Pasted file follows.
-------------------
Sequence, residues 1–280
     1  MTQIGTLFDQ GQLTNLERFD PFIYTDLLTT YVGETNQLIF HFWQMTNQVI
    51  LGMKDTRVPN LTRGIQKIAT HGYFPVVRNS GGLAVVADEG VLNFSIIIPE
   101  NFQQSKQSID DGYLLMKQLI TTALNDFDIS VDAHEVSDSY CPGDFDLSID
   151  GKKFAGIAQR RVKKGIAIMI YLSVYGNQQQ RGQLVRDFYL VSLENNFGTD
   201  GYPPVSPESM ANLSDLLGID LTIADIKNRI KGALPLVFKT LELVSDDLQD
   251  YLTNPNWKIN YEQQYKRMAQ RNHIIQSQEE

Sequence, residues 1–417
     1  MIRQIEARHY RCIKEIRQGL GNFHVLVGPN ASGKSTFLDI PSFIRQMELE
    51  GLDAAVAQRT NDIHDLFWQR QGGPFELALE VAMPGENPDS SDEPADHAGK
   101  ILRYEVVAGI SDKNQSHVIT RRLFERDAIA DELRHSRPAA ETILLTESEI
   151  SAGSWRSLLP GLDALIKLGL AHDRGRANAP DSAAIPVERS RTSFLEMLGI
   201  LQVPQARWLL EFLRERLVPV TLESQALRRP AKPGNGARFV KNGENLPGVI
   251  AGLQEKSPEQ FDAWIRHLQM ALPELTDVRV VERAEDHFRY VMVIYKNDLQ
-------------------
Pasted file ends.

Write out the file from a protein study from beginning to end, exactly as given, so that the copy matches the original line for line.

Sequence, residues 1–280
     1  MTQIGTLFDQ GQLTNLERFD PFIYTDLLTT YVGETNQLIF HFWQMTNQVI
    51  LGMKDTRVPN LTRGIQKIAT HGYFPVVRNS GGLAVVADEG VLNFSIIIPE
   101  NFQQSKQSID DGYLLMKQLI TTALNDFDIS VDAHEVSDSY CPGDFDLSID
   151  GKKFAGIAQR RVKKGIAIMI YLSVYGNQQQ RGQLVRDFYL VSLENNFGTD
   201  GYPPVSPESM ANLSDLLGID LTIADIKNRI KGALPLVFKT LELVSDDLQD
   251  YLTNPNWKIN YEQQYKRMAQ RNHIIQSQEE

Sequence, residues 1–417
     1  MIRQIEARHY RCIKEIRQGL GNFHVLVGPN ASGKSTFLDI PSFIRQMELE
    51  GLDAAVAQRT NDIHDLFWQR QGGPFELALE VAMPGENPDS SDEPADHAGK
   101  ILRYEVVAGI SDKNQSHVIT RRLFERDAIA DELRHSRPAA ETILLTESEI
   151  SAGSWRSLLP GLDALIKLGL AHDRGRANAP DSAAIPVERS RTSFLEMLGI
   201  LQVPQARWLL EFLRERLVPV TLESQALRRP AKPGNGARFV KNGENLPGVI
   251  AGLQEKSPEQ FDAWIRHLQM ALPELTDVRV VERAEDHFRY VMVIYKNDLQ